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Tech wars: From tech savvy to legal savvy

The 2010 film “The Social Network” made over $96 million at the box office, and that’s not including its profits overseas in Japan, the Philippines and Russia. The 2013 film “Jobs” didn’t make nearly the same amount: $6 million in the U.S. But regardless of which film did better, they both had something in common. Co-creators of the tech companies got burned in the startup process, and a larger audience found out the behind-the-scenes business decisions of Facebook and Apple from looks at Eduardo Saverin and Steve Wozniak.

Regardless of instances like these, tech startups are continuing to grow, including overseas. Mark Zuckerberg, the co-founder of Facebook, showed up in Nigeria in September of this year for the Co-Creation Hub (CC-Hub) in Yaba, an event where young Nigerians discuss technology startup ideas that can be turned into technology solutions to address immediate and long-term challenges. And it would make sense that he did, according to ThisDay, considering there are 16 million Facebook active users in Nigeria — the largest amount in the entire continent.

Networking and presenting projects are never a bad thing. It’s a time to make a product better, get feedback and find out just how desirable these projects may be to a consumer market. But the legal paperwork should be a priority, too, including among family, friends and business partners.

Before launching a startup, tech founders should consider the following:

1) Intellectual property rights: Who is going to own the intellectual property used by the startup? Typically, in tech startups, one person develops the technology, system, copyright or trademark that is the business. The person who creates the intellectual property has ownership rights to the property. If it is the intent that the intellectual property is going to be owned by the startup, then the founders will want to discuss the terms of the assignment agreement.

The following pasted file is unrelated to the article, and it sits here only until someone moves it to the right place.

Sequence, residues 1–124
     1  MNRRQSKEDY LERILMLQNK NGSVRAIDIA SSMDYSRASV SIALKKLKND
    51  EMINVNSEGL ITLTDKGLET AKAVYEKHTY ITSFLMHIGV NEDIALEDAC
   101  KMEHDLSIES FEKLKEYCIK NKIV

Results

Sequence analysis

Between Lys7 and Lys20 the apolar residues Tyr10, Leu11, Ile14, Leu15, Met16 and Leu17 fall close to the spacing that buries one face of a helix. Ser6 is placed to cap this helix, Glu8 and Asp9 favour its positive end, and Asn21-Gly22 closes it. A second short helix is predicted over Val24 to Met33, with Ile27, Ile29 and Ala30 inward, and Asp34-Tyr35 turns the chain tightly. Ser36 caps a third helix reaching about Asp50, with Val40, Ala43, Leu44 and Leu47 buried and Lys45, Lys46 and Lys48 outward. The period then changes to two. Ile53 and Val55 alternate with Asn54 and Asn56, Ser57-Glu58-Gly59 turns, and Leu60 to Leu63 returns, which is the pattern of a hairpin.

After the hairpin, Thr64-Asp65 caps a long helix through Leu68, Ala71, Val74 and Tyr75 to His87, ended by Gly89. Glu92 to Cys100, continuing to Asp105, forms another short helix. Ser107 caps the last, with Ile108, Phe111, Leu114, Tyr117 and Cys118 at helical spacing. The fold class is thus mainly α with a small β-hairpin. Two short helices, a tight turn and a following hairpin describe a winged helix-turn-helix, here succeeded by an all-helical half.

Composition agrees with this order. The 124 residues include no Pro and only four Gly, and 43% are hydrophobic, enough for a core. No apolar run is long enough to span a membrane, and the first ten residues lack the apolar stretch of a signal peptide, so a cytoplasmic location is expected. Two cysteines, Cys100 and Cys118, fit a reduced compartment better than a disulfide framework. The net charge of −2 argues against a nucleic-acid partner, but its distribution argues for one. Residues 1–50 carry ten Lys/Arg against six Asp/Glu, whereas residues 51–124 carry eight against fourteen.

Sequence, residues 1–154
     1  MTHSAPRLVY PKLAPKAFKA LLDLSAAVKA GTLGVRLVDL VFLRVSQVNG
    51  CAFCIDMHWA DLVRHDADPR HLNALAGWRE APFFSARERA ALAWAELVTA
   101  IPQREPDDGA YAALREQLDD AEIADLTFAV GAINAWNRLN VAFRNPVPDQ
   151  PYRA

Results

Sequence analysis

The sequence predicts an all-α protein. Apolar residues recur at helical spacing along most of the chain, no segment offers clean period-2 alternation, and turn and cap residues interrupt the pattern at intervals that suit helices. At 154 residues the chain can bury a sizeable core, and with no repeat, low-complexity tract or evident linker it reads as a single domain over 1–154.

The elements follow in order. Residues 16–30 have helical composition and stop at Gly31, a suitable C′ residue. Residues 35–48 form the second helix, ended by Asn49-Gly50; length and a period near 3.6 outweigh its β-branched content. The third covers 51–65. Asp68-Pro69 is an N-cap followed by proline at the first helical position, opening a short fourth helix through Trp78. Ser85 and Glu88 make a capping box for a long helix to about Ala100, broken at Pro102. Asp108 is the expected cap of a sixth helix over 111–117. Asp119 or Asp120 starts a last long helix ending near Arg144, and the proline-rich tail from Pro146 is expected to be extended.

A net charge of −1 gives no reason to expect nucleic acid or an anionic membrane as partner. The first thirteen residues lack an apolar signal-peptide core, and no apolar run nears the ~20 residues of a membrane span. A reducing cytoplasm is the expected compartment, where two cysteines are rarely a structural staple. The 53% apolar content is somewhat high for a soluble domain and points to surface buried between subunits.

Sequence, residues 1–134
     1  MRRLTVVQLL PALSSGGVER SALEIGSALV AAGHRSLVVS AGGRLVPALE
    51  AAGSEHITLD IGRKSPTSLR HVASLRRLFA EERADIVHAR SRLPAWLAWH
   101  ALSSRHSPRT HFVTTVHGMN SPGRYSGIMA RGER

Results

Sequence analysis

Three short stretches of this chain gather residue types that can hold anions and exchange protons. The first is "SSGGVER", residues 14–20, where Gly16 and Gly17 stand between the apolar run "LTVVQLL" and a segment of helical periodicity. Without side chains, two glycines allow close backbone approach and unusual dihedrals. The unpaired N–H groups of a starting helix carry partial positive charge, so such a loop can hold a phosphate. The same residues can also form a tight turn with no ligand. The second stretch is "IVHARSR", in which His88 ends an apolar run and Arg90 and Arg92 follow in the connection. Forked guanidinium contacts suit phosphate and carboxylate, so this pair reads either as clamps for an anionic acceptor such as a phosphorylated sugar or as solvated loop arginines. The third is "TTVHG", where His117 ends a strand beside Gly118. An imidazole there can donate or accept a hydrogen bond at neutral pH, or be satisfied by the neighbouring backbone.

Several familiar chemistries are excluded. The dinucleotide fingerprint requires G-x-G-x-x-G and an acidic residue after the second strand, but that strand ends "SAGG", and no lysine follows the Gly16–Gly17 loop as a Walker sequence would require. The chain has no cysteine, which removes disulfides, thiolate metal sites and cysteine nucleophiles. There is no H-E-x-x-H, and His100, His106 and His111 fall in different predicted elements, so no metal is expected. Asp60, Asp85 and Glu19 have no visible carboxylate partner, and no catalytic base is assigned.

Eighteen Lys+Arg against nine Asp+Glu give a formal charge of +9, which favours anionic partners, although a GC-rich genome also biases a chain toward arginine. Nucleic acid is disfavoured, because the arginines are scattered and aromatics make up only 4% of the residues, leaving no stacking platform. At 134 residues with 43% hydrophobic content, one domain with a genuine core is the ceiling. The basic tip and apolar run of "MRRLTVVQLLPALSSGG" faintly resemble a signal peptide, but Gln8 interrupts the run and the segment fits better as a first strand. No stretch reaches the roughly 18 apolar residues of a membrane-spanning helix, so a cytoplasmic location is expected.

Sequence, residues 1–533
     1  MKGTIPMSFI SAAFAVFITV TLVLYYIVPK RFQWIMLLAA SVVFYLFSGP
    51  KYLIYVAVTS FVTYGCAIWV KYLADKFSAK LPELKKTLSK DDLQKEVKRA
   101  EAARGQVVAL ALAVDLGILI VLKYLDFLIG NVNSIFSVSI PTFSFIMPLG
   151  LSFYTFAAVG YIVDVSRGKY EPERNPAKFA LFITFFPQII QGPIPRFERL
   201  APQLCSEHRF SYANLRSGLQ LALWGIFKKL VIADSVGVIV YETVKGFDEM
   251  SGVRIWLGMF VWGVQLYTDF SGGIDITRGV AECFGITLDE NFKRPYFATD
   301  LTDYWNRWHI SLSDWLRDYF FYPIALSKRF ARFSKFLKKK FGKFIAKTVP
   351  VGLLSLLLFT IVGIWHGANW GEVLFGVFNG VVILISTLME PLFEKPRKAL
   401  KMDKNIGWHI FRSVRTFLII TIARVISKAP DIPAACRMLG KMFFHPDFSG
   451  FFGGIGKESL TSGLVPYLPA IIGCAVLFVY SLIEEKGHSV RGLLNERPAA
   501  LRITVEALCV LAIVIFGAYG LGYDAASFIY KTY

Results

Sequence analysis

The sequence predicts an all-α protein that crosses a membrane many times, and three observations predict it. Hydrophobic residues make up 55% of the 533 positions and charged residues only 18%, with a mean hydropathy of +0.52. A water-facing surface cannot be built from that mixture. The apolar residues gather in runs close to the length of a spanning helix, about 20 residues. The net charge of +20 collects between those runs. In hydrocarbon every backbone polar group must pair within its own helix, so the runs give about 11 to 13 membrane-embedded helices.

2) What happens when the founders have a dispute? Will the parties use a mediator or arbitrator to resolve business disputes? Or will the parties initiate litigation against each other? It’s advisable to speak with a business attorney about which dispute resolution mechanism makes the most sense for that tech startup.

3)  Exit terms: What happens when one founder wants to leave the tech startup? Usually, an operating or partnership agreement will have buyout terms. Will an exiting partner be required to offer his shares in the company to the remaining partners first? Or can the exiting founder sell his shares to a third party? How will the exiting founder’s shares be valued to determine a purchase? A transactional attorney can help tech founders work through these questions.

 

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Have more legal questions about tech startups? Contact J. Paye & Associates today.

Shamontiel L. Vaughn contributed to this blog. Find out more about her at Shamontiel.com.

The information contained here is intended to provide useful information on the topic covered but should not be construed as one-size-fits-all legal advice. Speak to an attorney specifically about your contractual agreement for specific terms and conditions.

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